Can you spot workplace sexual harassment?

Employers have a duty of care to protect staff from harassment, and soon will have a new duty to prevent violence and harassment in the workplace.

This means that, at a tribunal, you would need to show the steps that you took to actively prevent instances of harassment against your employees – and not just the actions you took after the fact.

To stop harassment from occurring, a unified effort is required to understand what harassment is and the actions needed to counter and prevent it.

Some forms of harassment are easier to identify than others. For example, if you saw someone shouting at a staff member, or being physically violent towards them, you could quickly identify this and take immediate action.

What if it was a conversation, a private message, advance, or “banter” that caused harm?

There won’t be an alarm that goes off when one of these happen, so you’ll need your management team to be well informed, approachable, and alert to all instances of workplace harassment.

Targeting sexual harassment
Sexual harassment is unwanted behaviour of a sexual nature, creating an uncomfortable, hostile or humiliating environment. Both men and women can be victims of sexual harassment, but it occurs more frequently towards women.

Tragically, most sexual harassment goes unreported. It is only in recent years, thanks to brave survivors and movements such as #MeToo, that the true scope of the issue has been revealed. Still the problem persists.

Workplace culture has a huge part to play in facilitating sexual harassment. Without respect, education, policies, and protection, it can destroy a company and the lives of those who work there.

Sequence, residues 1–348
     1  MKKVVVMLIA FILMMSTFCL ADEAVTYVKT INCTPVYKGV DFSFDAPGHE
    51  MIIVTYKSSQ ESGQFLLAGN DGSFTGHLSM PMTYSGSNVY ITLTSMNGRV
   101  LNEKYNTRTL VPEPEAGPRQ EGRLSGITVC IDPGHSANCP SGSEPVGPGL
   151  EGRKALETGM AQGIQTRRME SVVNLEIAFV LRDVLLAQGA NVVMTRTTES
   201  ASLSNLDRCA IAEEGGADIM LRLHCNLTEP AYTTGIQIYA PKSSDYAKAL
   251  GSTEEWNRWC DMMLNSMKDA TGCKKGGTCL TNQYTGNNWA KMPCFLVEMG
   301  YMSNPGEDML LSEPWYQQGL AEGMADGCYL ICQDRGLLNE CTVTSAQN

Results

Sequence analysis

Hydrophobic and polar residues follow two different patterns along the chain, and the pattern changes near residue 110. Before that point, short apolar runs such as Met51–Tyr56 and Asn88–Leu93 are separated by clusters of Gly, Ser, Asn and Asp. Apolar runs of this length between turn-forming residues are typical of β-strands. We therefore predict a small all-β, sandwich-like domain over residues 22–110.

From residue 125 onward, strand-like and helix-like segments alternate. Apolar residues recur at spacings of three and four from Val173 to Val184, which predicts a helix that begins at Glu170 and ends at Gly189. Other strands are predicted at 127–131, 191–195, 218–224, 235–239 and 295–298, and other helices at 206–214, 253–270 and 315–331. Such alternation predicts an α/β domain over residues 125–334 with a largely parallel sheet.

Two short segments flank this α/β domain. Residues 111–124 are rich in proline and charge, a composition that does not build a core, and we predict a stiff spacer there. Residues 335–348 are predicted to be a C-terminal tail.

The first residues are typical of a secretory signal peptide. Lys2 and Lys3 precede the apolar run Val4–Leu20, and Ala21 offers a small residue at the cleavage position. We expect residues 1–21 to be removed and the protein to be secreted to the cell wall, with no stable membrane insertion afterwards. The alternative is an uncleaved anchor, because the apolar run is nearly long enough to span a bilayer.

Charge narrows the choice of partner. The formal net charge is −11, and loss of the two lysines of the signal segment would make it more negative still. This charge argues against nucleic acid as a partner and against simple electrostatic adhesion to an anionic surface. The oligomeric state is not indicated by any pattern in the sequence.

Everybody has a right to feel safe and dignified at work.

Test your knowledge to stamp out sexual harassment
To stop sexual harassment once and for all, awareness is key. Take this mini quiz to test your knowledge on the subject.

Which of the following actions raise red flags for sexual harassment? Mark all that apply.

Calling a female colleague “Good girl” or a male colleague “Good boy”
Staring at a person
Viewing graphic adult content at work
Telling a joke of a sexual nature
Hazing a new employee
Jokingly withholding information in exchange for a date
Calling a female colleague a “witch”
Telling a co-worker about your own sexual experiences
Physically standing in a person’s way

Addressing workplace sexual harassment

You won’t see all instances of sexual harassment taking place, but you can focus on cultivating a positive workplace culture that promotes gender equality. For instance, addressing lewd jokes straight away and leading by example to set an acceptable tone.

Additionally, it’s important to take all complaints of sexual harassment seriously, allowing dedicated time and any necessary investigations to uncover the truth. Make sure you have a robust disciplinary and grievance procedure and a policy on gross misconduct.

How did you do?
Answers: If you marked them all, you are correct! They could each raise a red flag, depending on the context.

If you missed a couple or have questions on spotting and stopping sexual harassment in your business contact the HR Dept here.

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